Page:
- Normal safety glasses: If you don’t already wear glasses, these don’t cost much and Dewalt comes in various tints and has UV protection and comes with a bifocal reading prescription: very cool.
- Foam-type earplugs with neck cord should be brightly colored so others know that you cannot hear them (or that you are not interested in any more stories about the old days, Mabel).
- Over the ear protection—good enough for shooters (that’s you nail gun dude). In safety, we feel that a few extra bucks for 3M is totally worth it: it’s a good company (website).
Please see the danger of exposure chart from the government: a nail gun compressor will run at about 70-80 dB. Exposure like this is getting into the danger area, but the shock of a nail gun (especially the big framing guns) are well into the danger zone. No more jokes, and no more being a tough guy. Ask Eric Clapton explained for many years that he was slowly going deaf.
- All-weather Lubricant: for all pneumatic tools. This oil is different from auto or even what you need for your compressor. (The compressors below need no oil.) You may have seen videos of guys teaching you to put oil on your rack of nails: big mistake. The nozzle will collect dust and jam.
If you live in cold climates, there is no need these days to buy both summer and winter oil. Thanks, Bostitch.
If you are using your nail gun all day, you would add this oil to the air inlet: 2 drops in the morning and two drops after lunchtime. Mmm. Lunch.
- Swivel plug lightens the load on cord and muscles. The one spot the hose takes the most abuse is where we bend it over and over. This swivel is just well-spent insurance money.
5. Best Air Compressors
All the ones on this list are oil-free—Nice.
Tip: there is a trick to making a compressor quieter using plywood. Just lean sections of plywood around the unit allowing good ventilation.
This guy made a box for his ginny (a website all about keeping things quiet). The dB will drop radically. It really works. Aspirin works too, later on.
Best Overall Compressor
Dewalt High Pressure, Low Noise. (D55167)
- Relatively quiet: just 8 dB over the “quiet” winner below
- Could easily run 2 pneumatic nail guns
- 225 PSI max pressure and a 15-gallon tank
- 78 dBA (not much louder than the “Quiet” one below)
Nice that the wheels are a wide stance, just for the safety of the thing. This can run on a long extension cord whereas many others cannot. This is the choice of many builders: you see these everywhere, like Chevys.
Best Quiet Compressor
California Air Tools 10-gallon (10020C)
- low amp draw (7-amp)
- 70 Decibels
- 125 max psi, but the large capacity will keep it from coming on too much
- 2 hp.
Less money and more powerful than the Dewalt above (but 8 dB quieter) plus it’s on wheels. Decent reviews, and you don’t have to bend over to fiddle with it: thanks.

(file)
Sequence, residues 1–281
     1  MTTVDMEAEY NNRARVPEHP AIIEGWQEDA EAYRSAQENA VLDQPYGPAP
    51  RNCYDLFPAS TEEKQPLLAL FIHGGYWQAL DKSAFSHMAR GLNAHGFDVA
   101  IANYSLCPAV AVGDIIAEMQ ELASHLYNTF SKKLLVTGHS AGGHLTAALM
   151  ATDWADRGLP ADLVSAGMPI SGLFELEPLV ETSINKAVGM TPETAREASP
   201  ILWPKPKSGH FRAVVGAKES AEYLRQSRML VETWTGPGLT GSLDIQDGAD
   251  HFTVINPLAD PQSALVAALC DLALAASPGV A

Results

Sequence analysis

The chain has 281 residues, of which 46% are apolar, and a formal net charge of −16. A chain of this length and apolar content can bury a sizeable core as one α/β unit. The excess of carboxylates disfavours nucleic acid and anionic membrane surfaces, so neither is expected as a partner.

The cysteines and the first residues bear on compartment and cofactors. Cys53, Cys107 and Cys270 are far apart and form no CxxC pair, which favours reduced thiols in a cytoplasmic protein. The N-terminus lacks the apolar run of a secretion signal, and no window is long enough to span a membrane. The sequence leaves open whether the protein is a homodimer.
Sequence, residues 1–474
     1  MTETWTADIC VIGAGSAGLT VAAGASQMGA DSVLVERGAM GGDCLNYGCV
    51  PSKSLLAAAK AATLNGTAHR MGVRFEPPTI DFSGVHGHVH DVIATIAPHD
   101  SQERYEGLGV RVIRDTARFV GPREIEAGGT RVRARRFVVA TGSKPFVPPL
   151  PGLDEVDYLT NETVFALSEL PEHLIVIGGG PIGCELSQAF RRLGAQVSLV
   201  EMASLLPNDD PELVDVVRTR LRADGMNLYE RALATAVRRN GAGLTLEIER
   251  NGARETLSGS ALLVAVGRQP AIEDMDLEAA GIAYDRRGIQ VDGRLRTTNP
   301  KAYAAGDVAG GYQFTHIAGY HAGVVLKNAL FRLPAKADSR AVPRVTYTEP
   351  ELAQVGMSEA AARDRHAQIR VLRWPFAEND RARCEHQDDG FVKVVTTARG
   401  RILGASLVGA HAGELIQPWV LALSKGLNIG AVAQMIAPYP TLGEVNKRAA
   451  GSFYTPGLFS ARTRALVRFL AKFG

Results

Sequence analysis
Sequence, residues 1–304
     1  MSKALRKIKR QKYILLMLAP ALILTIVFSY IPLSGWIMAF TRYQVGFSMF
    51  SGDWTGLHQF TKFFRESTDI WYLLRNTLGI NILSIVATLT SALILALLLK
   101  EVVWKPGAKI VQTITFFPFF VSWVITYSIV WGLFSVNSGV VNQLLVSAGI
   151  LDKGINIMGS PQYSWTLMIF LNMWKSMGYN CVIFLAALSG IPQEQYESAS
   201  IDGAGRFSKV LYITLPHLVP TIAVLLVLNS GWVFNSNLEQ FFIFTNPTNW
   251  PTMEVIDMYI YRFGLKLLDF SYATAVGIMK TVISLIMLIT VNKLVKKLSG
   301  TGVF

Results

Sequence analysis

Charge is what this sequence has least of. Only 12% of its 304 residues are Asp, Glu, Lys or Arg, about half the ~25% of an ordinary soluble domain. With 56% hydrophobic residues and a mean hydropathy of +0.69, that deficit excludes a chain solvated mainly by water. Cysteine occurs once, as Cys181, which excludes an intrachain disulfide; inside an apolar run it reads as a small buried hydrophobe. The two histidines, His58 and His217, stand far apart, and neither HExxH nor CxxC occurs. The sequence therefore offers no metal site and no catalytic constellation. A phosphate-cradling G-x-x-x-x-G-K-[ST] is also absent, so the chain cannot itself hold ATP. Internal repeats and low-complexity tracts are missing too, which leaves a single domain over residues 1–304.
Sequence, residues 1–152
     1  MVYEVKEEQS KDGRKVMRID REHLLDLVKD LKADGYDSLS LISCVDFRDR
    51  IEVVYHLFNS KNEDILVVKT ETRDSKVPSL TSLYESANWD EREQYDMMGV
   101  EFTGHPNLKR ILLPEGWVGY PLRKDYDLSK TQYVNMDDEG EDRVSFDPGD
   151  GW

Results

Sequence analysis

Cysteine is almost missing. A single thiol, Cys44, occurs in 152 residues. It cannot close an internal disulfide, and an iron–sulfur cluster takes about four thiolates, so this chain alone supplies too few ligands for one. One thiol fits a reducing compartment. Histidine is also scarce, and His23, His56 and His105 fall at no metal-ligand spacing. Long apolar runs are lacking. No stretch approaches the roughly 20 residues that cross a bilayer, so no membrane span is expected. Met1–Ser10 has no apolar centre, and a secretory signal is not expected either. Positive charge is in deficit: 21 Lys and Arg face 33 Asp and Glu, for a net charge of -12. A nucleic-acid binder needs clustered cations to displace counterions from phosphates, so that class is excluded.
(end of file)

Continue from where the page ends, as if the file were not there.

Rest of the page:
Best Budget Compressor
Porter Cable Pancake (PCFP12236) (Combo options)
- 6 gal pancake style tank for stability, includes water drain valve and rubber feet
- Combo options with brad nailer and or nozzles/pressure gauge
- Use with extension cord
- 150 p.s.i., enough for both guns going at once
- Two regulated, air couplers
- Only 30 lbs
If you need a brad nailer, the combo here gets you two quality items. My personal favorite deal: buying the brad nailer and compressor together takes about 10 bucks off the purchase.
Let us know if we missed anything in the comments below. Thanks. PS, if you have any photos of an old nail set punch, please send them!
How to use a nail set (beginner’s corner):
Of course, there are many videos and websites on how to do this and that, but setting a nail is really not brain surgery. We have a video demo at the bottom showing how to set a nail and how to fill the holes. Apart from the list here, there are 2 tips that you would figure out by making mistakes. First, the basics;
- What is a nail set? – any tool really that functions to hide a nail head by submerging it under the surface. You could grind an old screwdriver into one (it’s been done). A nail punch tool works too.
- They have a concave tip for grabbing the nail: the nail bunch (for marking a hole to start drilling) can be used if your finish nail has a concave head of its own.
- How to use a nail set – simply choose the right size (the Stanley set on this page has the only 3 you need) and at first lightly, then with as much force as you need ‘whack it’.
- Fill hole as needed – (explained above: key point leave a small mound to sand later)
Two things to watch out for:
- Start with light taps to make sure your nail setter will not slip off and make a 2nd hole!
- If you hit the nailset too hard, your hole will be deep and require more filler and that’s a small…no pun intended…problem. Why?…
• Hole fillers all shrink somewhat: the bigger the mass, the more it shrinks…and you have to fill another smaller divot – no biggie, but best to avoid.
I knew a carpenter who thought a nail set tool was called it a ‘nail seat’. He knew it was wrong but…anyway, but his joints were always tight!
Ear safety chart—stay safe above all: nail guns can do damage in time: